There's long been a maddening belief by a subset of psychologists who have never actually been to the Eastern part of the world that Asia is some collectivist Utopia.

When it comes to inflated self-importance - hubris, even - some research contends, there is more of it in the west because Western culture prides itself on independence, personal success and uniqueness while in the East where harmony and belonging are supposedly valued, people are more modest.
'Forgiveness is not something you do for others, nor does forgiving mean the offending behaviour is acceptable. It is something you do for yourself! By forgiving, you choose not to carry the burden of hate'

Paul Bretherton


Narcissistic Personality Disorder

Four new studies have found that when a woman's goal is to be romantically desirable, she is less likely to go into majors and activities related to science, technology, engineering and math (STEM).  The studies were undertaken to determine why women, who have achieved parity in education, getting more Ph.D.s than men, and also in the workplace, continue to be underrepresented at the highest levels of STEM fields.

They found converging support for the idea that when romantic goals are activated women (but not men) show less interest in STEM fields and more interest in feminine fields, such as the humanities, education and social sciences.  

Lead author Lora E.

I recently wrote a piece on various listening therapies for autism that ran at Science 2.0 and at TPGA. The most comments for the piece were at TPGA, and one in particular bears greater scrutiny.

First, though, a quick summary of my conclusions regarding listening therapy based on the literature:
    Modern life is full of hassles, deadlines, frustrations, and demands. For many people, stress is so commonplace that it has become a way of life. Stress isn’t always bad. In small doses, it can help you perform under pressure and motivate you to do your best. But, when you’re constantly running in emergency mode, your mind and body pay the price. Alpha waves are the brain waves you feel when you're alert yet relaxed. Decreased alpha wave activity is shown in a variety of psychological disorders and even during stress or anxiety. The brain produces five main types of brain waves as shown below:

1. Delta Waves: 0 - 4 Hz Delta waves are the slowest range of brain waves. They are seen in deep sleep typically during stage 3 and 4 sleep.
Psychology does not usually lend itself to live experimentation but the The American Psychological Association intends to change that perception.    They are featuring three public demonstrations of psychological science applications at their annual convention this week.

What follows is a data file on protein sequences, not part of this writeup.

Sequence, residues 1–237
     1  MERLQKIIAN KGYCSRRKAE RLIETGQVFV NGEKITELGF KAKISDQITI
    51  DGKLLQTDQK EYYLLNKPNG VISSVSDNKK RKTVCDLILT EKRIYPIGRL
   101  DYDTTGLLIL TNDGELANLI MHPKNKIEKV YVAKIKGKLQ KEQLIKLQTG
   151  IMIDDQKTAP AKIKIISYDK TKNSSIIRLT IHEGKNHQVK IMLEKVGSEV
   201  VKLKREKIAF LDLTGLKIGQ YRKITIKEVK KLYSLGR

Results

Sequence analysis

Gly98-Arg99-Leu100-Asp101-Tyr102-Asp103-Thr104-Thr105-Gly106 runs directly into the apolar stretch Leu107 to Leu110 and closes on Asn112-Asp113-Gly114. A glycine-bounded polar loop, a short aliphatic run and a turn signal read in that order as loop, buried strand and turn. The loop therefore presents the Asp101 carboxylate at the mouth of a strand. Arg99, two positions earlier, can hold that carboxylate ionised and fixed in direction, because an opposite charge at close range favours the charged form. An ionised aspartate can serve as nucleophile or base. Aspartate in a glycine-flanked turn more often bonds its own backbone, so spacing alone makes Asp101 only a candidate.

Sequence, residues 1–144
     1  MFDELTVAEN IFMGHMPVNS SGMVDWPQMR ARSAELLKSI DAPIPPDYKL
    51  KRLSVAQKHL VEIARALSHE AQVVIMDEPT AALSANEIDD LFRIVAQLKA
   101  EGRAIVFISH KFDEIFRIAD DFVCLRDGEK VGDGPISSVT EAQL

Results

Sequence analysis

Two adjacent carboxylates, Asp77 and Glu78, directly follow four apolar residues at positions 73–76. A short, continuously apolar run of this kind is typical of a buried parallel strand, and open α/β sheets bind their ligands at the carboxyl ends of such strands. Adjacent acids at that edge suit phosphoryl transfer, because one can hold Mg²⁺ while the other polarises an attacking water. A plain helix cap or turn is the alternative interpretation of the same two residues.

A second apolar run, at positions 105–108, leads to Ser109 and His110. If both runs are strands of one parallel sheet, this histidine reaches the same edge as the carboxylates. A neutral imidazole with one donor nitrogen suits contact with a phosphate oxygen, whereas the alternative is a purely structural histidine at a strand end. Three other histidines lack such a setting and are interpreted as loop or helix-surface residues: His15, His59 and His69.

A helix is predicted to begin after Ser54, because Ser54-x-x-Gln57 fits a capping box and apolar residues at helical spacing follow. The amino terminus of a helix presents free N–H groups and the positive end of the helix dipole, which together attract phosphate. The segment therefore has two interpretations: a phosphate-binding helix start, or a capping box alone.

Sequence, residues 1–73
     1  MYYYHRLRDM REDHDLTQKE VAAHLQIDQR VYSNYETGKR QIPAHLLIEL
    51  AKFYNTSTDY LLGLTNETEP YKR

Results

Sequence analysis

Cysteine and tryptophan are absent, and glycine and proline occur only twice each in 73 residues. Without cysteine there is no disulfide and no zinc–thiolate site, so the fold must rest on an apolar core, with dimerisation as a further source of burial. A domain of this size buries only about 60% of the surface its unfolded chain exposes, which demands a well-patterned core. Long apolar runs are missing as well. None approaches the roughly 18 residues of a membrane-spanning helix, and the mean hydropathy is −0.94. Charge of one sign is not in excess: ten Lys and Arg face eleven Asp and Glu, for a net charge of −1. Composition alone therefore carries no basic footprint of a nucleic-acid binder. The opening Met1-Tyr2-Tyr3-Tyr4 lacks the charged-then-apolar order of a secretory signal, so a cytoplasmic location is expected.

The goal: to show practical uses of psychological research and how it can be of great service to individuals and society as a whole.
With several articles recently appearing that were based on various aspects of evolutionary psychology, I thought it would be worth taking a closer look.

One of the ironies in examining evolutionary psychology is how many stories we can make up for ourselves without a shred of conclusive evidence, beyond simply sounding plausible.  This doesn't mean that they may not be true, but they certainly can't be considered scientific.  I thought it would be interesting to examine several points regarding evolutionary psychology before going further:
It is not an area of study, like vision, reasoning, or social behavior. It is a way of thinking about psychology that can be applied to any topic within it. (1)

What is Bedwetting?

The medical name for not being able to control urination is Enuresis (pronounced: en-yuh-ree-sis). It is sometimes also called involuntary urination. Nocturnal enuresis is involuntary urination that occurs at night, usually while the childis sleeping.

There are two kinds: Primary and Secondary. Primary is bedwetting that has occurred since infancy. Secondary develops at least 6 months, or even several years, after the child has learned to control their bladder.

In both biology and economy, game-theory models are used to understand human behavior, mainly concerning cooperation. These models usually incorporate gains, benefits, and reciprocity. And this reciprocity seems to be very important. Basically, if you do something for me, I’ll return the favor (in such a way that the benefits for me outweigh the costs). But human beings also show generosity towards complete strangers in one-shot encounters. How, then, can this be explained?

There hasn't been much of a debate about this paper at Science 2.0, so I thought I might briefly review it, and see what everybody else thinks. But, before we start, I should make one thing clear. I'm not a psychologist. I'm not even an evolutionary psychologist; I'm a paleontologist. And I should also make it clear that I am often very dubious of a lot of the findings of evolutionary psychologists, which often seem to me like pontificating on very banal things with very little actual science going on.